‘Uluru Statement shows the way on Australian Frontier Wars’

Aug 18, 2022
Aboriginal flag mural Eveleigh Street Redfern circa 2003
Image: Wikimedia Commons

In an earlier article for Pearls and Irritations I wrote, Proper recognition and commemoration of the Australian Frontier Wars at the Australian War Memorial would be a practical expression of the Spirit of Uluru’. The Uluru Statement from the Heart is more than resonant prose. Its words about First Nations people taking their rightful place in their country, about how First Nations culture can be a gift to all Australians, and, most of all, on truth-telling about our past, all provide signposts for action.

‘We seek constitutional reforms to empower our people and take a rightful place in our own country’ (Uluru Statement)

Constitutional reforms to enshrine the Voice are clearly essential but so is recognition of our First Nations in our educational curriculums, in our language, in our literature and media, and in our cultural institutions like the Australian War Memorial. It is anomalous and bizarre that in the Memorial, which some Australians believe is our most sacred place, central to our history, there is still only patchy and inadequate recognition and commemoration of a crucial part of that history – that settler-invader Australians and their military forces killed perhaps 60,000 First Australians between 1788 and 1928 (or later).

Empowerment grows not just from documents, even important ones like the Australian Constitution, but from embedding and reflection in the places, abstract and concrete, where we live our lives, the places where we find or affirm what it means to be Australian. That is, indeed, taking ‘a rightful place’.

‘They [our children] will walk in two worlds and their culture will be a gift to their country’ (Uluru Statement)

The late Charles Perkins AO (1936-2000), Arrernte-Kalkadoon-Irish man, activist and public servant, said this:

‘My expectation of a good Australia is when white people would be proud to speak an Aboriginal language, when they realise that Aboriginal culture and all that goes with it, philosophy, art, language, kinship, is all part of their heritage … White people can inherit 40,000 or 60,000 years of culture, and all they have to do is reach out and ‘ask for it’.

Part of that Aboriginal cultural heritage is defence of Country. There is a continuous line between, at one end, Arrernte, Gadigal, Noongar, Wiradjuri, Wurundjeri, and other First Nations tribes’ defence of their Country against settler-invaders in the years from 1788 and, at the other end, uniformed Australians’ defence of Australia in the years since 1901. As I wrote in the earlier article:

‘The [War] Memorial should grasp the common thread between the Frontier Wars and our overseas wars: Defence of Country. Defence of their Country by First Nations warriors. Defence of their country, Australia, by uniformed soldiers, sailors, airmen and women, and nurses, some of them Indigenous. Defence of Country is the common history that belongs to all of us, and that the Memorial should recognise and commemorate’.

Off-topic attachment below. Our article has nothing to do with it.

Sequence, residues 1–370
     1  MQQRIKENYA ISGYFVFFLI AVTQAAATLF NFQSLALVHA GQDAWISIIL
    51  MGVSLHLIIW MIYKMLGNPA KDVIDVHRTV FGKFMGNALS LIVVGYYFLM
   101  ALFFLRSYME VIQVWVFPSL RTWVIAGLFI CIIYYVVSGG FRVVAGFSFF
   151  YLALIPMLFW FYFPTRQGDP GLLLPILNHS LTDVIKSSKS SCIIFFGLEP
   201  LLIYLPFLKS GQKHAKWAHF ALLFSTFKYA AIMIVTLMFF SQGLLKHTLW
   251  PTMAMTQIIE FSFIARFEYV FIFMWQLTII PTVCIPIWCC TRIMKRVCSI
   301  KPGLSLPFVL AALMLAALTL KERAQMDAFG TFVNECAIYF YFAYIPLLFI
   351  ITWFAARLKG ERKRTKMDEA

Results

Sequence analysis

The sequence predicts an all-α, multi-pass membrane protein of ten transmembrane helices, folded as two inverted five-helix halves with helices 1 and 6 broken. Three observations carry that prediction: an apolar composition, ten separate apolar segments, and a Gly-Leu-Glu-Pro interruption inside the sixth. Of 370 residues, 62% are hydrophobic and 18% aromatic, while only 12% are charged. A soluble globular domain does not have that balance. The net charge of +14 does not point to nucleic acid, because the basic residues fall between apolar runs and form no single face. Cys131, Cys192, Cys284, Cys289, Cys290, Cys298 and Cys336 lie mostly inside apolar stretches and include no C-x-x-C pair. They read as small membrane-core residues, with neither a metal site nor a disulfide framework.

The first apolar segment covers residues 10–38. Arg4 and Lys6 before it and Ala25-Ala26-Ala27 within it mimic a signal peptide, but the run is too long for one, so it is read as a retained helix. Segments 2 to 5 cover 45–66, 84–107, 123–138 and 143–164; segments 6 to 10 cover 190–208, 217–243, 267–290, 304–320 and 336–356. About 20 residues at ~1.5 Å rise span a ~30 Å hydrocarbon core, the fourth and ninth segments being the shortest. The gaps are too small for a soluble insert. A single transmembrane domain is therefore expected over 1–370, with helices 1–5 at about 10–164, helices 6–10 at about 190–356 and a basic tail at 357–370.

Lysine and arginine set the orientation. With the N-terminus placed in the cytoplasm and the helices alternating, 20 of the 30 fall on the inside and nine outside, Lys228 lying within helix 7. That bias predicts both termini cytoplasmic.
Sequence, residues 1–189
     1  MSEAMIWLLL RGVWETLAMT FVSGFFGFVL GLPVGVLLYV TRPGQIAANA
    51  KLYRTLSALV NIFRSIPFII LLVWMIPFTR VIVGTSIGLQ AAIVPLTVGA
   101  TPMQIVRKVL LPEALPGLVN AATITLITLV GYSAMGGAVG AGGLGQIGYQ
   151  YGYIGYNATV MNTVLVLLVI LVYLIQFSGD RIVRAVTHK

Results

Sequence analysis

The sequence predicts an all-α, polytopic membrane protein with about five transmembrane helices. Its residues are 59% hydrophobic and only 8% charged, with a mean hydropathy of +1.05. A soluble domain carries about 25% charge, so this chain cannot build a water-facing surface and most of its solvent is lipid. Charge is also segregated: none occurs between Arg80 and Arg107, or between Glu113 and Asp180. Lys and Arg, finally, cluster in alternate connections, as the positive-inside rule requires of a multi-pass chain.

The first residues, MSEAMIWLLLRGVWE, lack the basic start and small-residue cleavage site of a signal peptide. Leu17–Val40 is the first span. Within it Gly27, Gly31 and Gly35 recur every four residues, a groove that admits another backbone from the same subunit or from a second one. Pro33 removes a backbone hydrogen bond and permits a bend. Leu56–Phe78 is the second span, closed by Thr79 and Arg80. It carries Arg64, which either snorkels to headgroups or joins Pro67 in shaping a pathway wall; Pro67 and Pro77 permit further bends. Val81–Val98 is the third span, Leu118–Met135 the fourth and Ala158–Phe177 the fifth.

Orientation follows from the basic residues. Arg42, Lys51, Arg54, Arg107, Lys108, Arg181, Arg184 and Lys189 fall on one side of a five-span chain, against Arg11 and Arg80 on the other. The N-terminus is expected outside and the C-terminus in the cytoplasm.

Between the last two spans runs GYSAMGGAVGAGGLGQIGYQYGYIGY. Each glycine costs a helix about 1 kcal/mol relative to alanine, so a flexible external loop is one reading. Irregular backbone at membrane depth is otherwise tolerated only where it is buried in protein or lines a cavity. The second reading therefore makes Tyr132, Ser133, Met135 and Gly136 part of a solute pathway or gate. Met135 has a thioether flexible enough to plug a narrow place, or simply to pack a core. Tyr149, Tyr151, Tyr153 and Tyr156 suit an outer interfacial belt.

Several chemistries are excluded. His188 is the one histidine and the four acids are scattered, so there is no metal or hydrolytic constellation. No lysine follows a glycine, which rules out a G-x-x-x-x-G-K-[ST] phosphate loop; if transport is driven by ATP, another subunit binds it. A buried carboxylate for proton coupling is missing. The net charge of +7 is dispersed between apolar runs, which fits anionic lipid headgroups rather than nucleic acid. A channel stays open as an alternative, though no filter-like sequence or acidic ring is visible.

Defence of Country is part of the cultural gift from First Nations people to all other Australians.

‘We seek a Makarrata Commission to supervise a process of agreement-making between governments and First Nations and truth-telling about our history’ (Uluru Statement)

‘Truth-telling is the ultimate gesture of respect’, says Australian historian Henry Reynolds. ‘It indicates a willingness to listen, to learn and to concede that the stories should be heard of those who have been victims of great wrongs.’ For decades, in the absence of truth, there was what the anthropologist William Stanner called ‘the great Australian silence’, which had reduced First Nations people to little more than a ‘melancholy footnote’ in our history.

That silence still envelopes some Australians or it has become distorted into, ‘I know these things happened to the Aboriginals a long time ago, but I wasn’t there, so I can’t be blamed for it’. Yet, First Australians, generations later, still suffer from the loss of Country and the destruction of heritage.

Or there has been stumbling, partial recognition that has hindered, rather than helped. Former War Memorial Director (and now Council Chair), Brendan Nelson, said more than once that Indigenous men and women denied their Aboriginality and their kinship to don the King’s or Queen’s uniform to fight for Australia. This was despite what settler-invader Australians had done to them in the past. Some whitefellers would respond, ‘If blackfellers signed up to fight, despite what we did to them, why should we whitefellers care about what we did?’

The truth about how settler-invaders took Australia from the First Australians needs to be told without varnishing or dissembling. Poisoned water in the Frontier Wars is as much a weapon as a machine gun on the Western Front, and its use needs to be honestly described. High-powered rifles against spears would not have been a pretty sight but it needs to be confronted. Women and children and old men died in the Frontier Wars, just as civilians died in the great wars of the twentieth century and in Vietnam and Afghanistan.

In the confronting there will be great benefits. Until we see Indigenous history and culture – all of it, including the Frontier Wars – as a key part of Australian history and culture, as Eualeyai-Kamillaroi historian Professor Larissa Behrendt wrote in 2017, ‘we will never have found a way to truly share this colonised country’.

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